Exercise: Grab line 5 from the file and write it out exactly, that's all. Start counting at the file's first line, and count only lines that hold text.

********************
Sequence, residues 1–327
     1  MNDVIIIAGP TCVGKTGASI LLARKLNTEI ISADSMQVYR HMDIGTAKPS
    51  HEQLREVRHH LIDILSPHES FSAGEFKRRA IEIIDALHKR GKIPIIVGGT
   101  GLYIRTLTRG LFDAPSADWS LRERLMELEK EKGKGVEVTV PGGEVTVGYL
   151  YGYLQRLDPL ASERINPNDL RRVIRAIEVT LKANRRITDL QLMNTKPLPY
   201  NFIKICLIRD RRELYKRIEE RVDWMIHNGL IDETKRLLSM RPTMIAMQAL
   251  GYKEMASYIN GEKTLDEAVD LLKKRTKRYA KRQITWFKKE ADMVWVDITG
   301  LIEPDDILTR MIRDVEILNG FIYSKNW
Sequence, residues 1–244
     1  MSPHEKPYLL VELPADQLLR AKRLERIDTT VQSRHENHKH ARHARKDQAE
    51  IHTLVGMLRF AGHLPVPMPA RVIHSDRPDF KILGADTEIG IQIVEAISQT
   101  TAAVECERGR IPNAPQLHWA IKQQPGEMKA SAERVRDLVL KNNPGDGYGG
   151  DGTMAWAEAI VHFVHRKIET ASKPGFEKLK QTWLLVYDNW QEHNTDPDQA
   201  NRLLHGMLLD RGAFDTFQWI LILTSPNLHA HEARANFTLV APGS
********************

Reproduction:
   151  YGYLQRLDPL ASERINPNDL RRVIRAIEVT LKANRRITDL QLMNTKPLPY